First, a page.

It is believed that ZF and Qijiang Gear’s marathon negotiation is due to the same issue. For many years the indigenous bus transmission builder reportedly refused ZF’s request to give up its independent R&D in talks with the Germans. The JV negotiations were also bogged down by the repeated change in shareholding structure of Qijiang Gear to the point that a ZF senior executive said “we did not know who to talk to.”
Chongqing municipal government’s determination to bring in foreign investment helped to jumpstart the Sino-German JV negotiations. Industry analysts pointed out that homegrown suppliers should keep their votes and develop independent R&D abilities in international collaborations. For Qijiang Gear’s future development, Li said that the final agreement between the two companies has not been set, so it is hard to tell whether there can be a happy marriage.
In a telephone interview by CBU, She Zhenqing, deputy secretary general of China Highway Transportation Society Bus Sub-Society, was optimistic on the future market of the joint venture. “For decades, Qijiang Gear has dominated domestic bus transmission market, especially the lower and mid-end segments, with incomparable advantages on client resources. ZF, on the other hand, has achieved success in supplying transmission products for high-end tourist and public transportation buses in the Chinese market with technology advantages. The collaboration between the two companies, if with solid integration of their individual supply chain and sales network, can further monopolize China’s bus transmission market,” She noted.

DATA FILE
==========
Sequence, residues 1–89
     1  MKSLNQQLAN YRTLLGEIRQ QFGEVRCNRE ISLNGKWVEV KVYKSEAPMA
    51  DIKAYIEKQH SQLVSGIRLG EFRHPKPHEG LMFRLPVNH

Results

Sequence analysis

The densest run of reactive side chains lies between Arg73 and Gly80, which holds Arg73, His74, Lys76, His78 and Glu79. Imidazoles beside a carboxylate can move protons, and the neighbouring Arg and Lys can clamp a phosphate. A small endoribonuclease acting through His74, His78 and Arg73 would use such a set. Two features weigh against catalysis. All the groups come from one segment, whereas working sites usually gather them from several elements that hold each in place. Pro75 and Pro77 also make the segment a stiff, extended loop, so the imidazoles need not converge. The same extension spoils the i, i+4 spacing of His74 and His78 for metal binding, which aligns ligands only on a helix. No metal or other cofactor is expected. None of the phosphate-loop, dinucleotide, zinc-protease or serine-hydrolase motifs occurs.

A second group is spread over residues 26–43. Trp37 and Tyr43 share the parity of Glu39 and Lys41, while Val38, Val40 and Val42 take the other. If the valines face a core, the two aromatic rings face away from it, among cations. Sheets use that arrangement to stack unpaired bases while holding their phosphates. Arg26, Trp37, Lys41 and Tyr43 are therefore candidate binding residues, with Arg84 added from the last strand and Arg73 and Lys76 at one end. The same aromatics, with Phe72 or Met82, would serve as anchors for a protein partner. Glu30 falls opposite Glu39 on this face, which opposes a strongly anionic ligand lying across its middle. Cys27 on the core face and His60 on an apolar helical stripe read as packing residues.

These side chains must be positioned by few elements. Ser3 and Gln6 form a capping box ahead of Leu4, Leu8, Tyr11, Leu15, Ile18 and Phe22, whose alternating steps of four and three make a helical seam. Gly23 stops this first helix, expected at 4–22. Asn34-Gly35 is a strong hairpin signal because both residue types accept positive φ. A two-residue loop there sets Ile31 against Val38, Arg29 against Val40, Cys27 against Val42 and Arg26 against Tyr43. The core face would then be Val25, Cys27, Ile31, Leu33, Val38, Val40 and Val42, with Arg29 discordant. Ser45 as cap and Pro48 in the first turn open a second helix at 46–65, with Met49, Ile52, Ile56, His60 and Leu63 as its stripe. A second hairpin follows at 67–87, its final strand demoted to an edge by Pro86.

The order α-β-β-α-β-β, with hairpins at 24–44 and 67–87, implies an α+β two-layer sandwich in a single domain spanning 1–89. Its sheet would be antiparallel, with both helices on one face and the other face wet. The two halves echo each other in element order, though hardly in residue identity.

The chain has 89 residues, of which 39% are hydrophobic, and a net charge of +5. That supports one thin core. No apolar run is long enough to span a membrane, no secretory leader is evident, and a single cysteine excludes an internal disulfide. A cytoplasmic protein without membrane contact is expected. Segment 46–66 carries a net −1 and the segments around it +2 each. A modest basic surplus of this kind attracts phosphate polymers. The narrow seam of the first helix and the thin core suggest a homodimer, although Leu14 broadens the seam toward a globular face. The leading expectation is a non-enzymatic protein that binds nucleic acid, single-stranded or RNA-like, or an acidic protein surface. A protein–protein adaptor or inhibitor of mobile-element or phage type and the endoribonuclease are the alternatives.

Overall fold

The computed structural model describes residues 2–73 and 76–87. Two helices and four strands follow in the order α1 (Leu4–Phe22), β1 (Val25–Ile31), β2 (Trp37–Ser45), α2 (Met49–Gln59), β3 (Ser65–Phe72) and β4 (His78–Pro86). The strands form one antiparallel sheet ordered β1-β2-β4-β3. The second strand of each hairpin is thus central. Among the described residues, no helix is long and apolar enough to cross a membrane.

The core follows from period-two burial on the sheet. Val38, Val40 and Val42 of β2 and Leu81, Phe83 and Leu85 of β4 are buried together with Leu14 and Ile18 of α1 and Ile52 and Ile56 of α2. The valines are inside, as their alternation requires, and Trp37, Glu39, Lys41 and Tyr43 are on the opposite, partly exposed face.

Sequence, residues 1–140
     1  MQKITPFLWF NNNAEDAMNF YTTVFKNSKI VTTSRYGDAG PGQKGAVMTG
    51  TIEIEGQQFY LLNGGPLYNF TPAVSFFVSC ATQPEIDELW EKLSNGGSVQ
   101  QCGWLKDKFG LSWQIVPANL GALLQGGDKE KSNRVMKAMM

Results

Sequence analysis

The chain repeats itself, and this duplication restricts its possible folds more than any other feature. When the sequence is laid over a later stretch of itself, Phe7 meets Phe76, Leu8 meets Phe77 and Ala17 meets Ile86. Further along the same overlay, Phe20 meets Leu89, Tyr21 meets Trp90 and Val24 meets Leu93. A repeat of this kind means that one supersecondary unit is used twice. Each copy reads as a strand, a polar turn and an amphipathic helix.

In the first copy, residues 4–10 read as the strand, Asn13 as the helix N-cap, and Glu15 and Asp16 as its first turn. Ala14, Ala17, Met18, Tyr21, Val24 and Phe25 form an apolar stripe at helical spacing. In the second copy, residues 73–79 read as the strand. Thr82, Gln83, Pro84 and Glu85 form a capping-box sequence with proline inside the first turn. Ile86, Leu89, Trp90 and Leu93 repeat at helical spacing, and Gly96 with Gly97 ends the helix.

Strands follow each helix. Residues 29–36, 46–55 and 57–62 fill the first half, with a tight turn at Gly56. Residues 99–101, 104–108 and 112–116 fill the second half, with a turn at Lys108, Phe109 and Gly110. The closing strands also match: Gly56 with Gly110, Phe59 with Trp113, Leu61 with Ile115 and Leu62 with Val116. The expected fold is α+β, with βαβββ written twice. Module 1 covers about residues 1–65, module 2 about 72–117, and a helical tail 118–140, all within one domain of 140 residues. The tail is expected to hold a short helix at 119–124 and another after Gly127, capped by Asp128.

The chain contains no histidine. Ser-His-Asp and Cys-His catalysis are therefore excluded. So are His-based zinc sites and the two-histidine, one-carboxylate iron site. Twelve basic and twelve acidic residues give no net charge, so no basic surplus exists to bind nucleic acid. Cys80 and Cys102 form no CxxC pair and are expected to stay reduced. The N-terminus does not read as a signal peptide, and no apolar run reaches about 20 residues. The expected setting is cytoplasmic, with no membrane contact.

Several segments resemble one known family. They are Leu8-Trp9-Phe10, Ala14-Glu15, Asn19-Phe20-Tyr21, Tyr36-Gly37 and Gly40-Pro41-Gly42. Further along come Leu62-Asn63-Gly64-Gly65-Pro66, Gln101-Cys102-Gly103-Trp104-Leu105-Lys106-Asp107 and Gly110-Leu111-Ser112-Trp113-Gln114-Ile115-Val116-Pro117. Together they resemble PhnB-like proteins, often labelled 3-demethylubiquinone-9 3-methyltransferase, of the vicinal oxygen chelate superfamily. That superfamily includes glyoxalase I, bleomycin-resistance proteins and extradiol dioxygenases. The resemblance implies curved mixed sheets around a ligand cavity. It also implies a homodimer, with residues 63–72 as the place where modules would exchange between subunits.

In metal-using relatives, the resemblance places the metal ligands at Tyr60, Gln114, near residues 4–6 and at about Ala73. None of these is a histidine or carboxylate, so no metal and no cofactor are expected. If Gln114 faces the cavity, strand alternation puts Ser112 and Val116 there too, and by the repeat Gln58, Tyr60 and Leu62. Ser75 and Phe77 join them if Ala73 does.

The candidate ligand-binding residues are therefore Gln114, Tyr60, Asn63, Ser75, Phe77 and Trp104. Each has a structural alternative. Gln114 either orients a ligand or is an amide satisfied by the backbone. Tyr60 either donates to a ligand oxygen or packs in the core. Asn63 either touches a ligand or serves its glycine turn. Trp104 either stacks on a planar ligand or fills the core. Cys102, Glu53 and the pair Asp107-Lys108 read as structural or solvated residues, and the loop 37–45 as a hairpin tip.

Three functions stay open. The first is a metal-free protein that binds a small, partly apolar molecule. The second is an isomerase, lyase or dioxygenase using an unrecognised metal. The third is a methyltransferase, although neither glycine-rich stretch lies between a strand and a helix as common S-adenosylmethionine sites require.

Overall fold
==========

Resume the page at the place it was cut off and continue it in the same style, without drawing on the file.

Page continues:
Li pointed out that the current commercial vehicle market atmosphere has created a better environment for joint ventures than a few years ago. The domestic commercial vehicle market, especially the heavy-duty sector, used to be price-oriented in the past. Joint ventures lacked a competitive edge because of high product pricing, in spite of technological advantages. As a result, commercial vehicle joint ventures over the last 10 years have not faired well. However, since the government has implemented stricter emission requirements on vehicles, commercial vehicle users are beginning to consider longer-term factors in their purchase plans, such as fuel efficiency, brand image, maintenance cost, quality and dependability, as well as aftersales service, instead of one-time purchase cost. The trend of going higher-end and more advanced technologies has granted a more comfortable development environment for joint ventures.
Meanwhile, industry analysts also believe that it is crucial for the planned joint venture to maintain Qijiang Gear’s current client base. With ZF’s technology upgrade, Qijiang Gear should try to maintain competitive product prices, so as not to lose its existing bus OEM clients.
While the Chongqing-based transmission provider has teamed up with ZF and is preparing for a breakthrough in the heavy-duty truck transmission market, Fast Gear has already laid its eyes on Qijiang Gear’s market share, by signing supply contracts with leading bus makers including Yutong, Ankai and Zonda. A fiercer round of competition in the commercial vehicle transmission market seems to be imminent.